i Deputy Editor's Letter: Electronic smoke debate


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The Independent Online


This weekend’s news that under-18s are to be banned from buying e-cigarettes in England has been welcomed by anti-smoking groups. The chief medical officer cited the unknown effect on people’s health for limiting the age at which they can be bought, saying that we do not even know the harm that they will inflict on adults, let alone children.

The chief medical officer stated that the reason for a ban was because health officials “do not yet know the harm that e-cigarettes can cause... but we do know they are not risk free”. 

Public health experts remain divided about whether e-cigarettes will help, or hinder, the image of smoking, with some saying that they could cut deaths from tobacco substantially, others claiming that they glamorise the image of smoking, especially among the young. Smoking remains one of the biggest causes of death and illness in the UK, with around 100,000 people dying each year in Britain from illnesses linked to the habit. It will take many years of research to know whether the battery-powered devices, which deliver a “hit” of nicotine while emitting a small trail of vapour, will reduce deaths, or encourage new starters.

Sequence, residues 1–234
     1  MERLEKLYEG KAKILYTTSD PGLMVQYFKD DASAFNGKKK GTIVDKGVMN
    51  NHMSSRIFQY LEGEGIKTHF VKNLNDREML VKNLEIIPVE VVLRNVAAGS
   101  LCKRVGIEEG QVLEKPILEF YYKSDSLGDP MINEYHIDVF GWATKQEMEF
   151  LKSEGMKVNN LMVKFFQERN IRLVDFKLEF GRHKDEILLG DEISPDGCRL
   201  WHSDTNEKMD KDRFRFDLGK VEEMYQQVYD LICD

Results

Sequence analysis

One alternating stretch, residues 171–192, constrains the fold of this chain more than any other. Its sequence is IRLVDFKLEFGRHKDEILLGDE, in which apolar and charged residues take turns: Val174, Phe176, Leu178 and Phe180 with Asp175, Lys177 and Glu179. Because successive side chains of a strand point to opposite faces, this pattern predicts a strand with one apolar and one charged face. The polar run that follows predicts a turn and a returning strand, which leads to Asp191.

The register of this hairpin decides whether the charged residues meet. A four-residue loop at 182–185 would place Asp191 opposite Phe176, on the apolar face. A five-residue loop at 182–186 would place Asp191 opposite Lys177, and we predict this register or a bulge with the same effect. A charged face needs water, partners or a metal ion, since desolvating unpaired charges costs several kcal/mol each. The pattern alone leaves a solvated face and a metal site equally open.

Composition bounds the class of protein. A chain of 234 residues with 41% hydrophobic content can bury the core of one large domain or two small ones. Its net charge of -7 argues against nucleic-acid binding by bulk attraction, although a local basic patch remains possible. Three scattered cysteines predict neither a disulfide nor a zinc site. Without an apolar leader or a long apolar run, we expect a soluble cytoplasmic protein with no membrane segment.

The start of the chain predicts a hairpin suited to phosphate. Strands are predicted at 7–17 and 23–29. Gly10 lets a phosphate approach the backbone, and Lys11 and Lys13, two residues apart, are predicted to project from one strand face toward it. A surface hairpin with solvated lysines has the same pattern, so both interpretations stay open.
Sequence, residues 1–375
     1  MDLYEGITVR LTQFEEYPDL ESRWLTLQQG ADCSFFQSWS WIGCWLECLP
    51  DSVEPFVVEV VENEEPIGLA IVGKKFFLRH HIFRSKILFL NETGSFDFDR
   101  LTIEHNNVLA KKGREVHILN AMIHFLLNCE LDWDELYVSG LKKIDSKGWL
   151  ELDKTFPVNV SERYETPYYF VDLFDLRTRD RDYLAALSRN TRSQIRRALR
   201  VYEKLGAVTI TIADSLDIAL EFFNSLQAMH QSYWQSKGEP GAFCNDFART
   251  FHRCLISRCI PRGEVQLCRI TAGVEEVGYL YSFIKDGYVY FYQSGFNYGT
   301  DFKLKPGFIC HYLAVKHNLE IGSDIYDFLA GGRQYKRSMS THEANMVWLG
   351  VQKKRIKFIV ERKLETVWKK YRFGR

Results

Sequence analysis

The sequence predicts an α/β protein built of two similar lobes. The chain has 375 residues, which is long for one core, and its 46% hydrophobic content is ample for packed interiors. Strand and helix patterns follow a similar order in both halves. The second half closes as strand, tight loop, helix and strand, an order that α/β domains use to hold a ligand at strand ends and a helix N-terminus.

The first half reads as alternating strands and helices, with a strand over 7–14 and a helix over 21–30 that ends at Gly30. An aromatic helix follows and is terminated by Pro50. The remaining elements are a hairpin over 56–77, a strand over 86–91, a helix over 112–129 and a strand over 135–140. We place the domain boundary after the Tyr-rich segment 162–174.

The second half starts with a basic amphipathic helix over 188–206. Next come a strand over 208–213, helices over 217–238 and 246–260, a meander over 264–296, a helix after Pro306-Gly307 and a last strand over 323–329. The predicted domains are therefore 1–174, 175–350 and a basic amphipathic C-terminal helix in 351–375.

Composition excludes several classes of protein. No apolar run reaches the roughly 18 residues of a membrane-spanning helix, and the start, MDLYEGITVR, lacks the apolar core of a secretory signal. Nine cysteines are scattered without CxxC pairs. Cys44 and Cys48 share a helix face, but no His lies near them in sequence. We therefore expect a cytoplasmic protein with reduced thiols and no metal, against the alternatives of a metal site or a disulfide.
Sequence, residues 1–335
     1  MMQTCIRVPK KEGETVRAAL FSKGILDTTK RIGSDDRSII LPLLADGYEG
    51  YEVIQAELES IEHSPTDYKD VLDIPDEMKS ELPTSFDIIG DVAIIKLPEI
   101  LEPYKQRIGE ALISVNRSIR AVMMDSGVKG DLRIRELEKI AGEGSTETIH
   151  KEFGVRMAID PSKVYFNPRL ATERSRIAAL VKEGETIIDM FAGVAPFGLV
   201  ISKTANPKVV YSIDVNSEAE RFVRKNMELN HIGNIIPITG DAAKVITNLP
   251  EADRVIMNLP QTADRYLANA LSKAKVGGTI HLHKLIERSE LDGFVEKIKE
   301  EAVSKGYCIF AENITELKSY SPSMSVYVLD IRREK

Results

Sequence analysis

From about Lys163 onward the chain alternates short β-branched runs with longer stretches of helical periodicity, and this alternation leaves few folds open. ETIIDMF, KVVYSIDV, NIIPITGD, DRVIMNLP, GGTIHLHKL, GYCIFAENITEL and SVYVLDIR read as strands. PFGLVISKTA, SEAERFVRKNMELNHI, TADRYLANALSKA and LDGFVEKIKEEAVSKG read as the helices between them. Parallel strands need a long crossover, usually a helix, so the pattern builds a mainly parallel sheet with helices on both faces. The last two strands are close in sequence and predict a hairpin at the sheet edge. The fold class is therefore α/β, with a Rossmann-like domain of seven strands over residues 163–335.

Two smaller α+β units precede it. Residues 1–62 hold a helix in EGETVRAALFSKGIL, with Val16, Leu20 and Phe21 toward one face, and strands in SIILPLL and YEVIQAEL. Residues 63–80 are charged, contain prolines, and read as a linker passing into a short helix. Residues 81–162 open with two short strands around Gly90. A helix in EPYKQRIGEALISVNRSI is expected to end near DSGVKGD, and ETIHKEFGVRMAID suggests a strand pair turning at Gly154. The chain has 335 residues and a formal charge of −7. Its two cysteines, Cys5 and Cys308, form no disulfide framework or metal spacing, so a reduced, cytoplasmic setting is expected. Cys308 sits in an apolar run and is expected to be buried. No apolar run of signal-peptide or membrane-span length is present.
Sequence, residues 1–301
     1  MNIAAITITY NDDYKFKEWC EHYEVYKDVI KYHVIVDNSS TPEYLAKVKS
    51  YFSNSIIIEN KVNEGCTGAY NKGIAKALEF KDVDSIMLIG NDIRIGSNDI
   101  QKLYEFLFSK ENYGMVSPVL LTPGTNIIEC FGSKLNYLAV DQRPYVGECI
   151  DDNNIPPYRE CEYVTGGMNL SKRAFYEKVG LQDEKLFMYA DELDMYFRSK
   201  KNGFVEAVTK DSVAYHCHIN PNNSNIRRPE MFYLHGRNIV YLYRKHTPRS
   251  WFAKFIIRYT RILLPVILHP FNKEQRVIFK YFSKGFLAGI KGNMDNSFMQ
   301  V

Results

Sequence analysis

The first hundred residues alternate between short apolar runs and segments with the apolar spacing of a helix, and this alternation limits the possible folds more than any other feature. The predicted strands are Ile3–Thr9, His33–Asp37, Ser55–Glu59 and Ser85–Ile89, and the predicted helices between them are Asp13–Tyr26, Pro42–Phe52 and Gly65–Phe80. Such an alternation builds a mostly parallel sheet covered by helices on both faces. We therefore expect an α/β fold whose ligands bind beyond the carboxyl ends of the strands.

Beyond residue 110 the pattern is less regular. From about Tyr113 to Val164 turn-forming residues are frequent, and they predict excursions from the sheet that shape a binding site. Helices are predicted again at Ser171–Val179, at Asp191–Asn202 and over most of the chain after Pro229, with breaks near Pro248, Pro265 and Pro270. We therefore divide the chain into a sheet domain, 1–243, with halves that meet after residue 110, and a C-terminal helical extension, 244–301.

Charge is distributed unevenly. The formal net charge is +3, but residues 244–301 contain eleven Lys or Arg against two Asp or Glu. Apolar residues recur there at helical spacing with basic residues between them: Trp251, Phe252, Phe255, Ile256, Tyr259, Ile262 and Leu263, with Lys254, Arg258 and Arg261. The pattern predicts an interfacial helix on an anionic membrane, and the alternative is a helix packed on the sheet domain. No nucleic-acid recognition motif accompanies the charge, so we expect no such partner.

In recent years we have seen a number of restrictions introduced in Britain to try to curb the prevalence of smoking, from a ban on advertising, raising the buying age to 18, a ban on smoking in pubs and enclosed spaces, the introduction of graphic images on packets and the removal of displays in shops. More recently debate has been focused on whether to follow the example of Australia, the only country in the world to have plain packaging cigarette packs, with no branding.

Adults should have the right to make up their own minds, but anything which might discourage youngsters from starting an addictive habit – whether it be tobacco or electronic – should be welcomed.